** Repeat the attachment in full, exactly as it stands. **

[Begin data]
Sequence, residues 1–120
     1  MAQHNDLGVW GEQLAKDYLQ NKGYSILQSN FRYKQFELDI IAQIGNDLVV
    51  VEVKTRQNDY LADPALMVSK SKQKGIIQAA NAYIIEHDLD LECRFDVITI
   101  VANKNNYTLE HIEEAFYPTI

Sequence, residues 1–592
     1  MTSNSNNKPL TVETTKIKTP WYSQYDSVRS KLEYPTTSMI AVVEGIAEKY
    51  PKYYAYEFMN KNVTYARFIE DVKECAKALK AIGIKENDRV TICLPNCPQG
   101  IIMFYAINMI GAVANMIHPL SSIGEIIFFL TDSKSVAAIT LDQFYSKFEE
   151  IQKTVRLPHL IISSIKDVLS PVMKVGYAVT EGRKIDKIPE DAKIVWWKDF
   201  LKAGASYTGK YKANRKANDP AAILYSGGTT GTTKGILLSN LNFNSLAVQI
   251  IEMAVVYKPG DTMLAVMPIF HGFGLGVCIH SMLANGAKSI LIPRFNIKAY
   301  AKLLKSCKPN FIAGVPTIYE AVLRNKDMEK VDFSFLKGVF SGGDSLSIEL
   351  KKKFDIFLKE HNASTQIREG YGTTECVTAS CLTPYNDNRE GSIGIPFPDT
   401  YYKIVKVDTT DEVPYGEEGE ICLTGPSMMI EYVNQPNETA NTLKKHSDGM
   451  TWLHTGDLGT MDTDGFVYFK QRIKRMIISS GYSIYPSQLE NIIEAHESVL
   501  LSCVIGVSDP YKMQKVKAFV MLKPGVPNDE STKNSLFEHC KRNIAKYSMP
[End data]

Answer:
Sequence, residues 1–120
     1  MAQHNDLGVW GEQLAKDYLQ NKGYSILQSN FRYKQFELDI IAQIGNDLVV
    51  VEVKTRQNDY LADPALMVSK SKQKGIIQAA NAYIIEHDLD LECRFDVITI
   101  VANKNNYTLE HIEEAFYPTI

Sequence, residues 1–592
     1  MTSNSNNKPL TVETTKIKTP WYSQYDSVRS KLEYPTTSMI AVVEGIAEKY
    51  PKYYAYEFMN KNVTYARFIE DVKECAKALK AIGIKENDRV TICLPNCPQG
   101  IIMFYAINMI GAVANMIHPL SSIGEIIFFL TDSKSVAAIT LDQFYSKFEE
   151  IQKTVRLPHL IISSIKDVLS PVMKVGYAVT EGRKIDKIPE DAKIVWWKDF
   201  LKAGASYTGK YKANRKANDP AAILYSGGTT GTTKGILLSN LNFNSLAVQI
   251  IEMAVVYKPG DTMLAVMPIF HGFGLGVCIH SMLANGAKSI LIPRFNIKAY
   301  AKLLKSCKPN FIAGVPTIYE AVLRNKDMEK VDFSFLKGVF SGGDSLSIEL
   351  KKKFDIFLKE HNASTQIREG YGTTECVTAS CLTPYNDNRE GSIGIPFPDT
   401  YYKIVKVDTT DEVPYGEEGE ICLTGPSMMI EYVNQPNETA NTLKKHSDGM
   451  TWLHTGDLGT MDTDGFVYFK QRIKRMIISS GYSIYPSQLE NIIEAHESVL
   501  LSCVIGVSDP YKMQKVKAFV MLKPGVPNDE STKNSLFEHC KRNIAKYSMP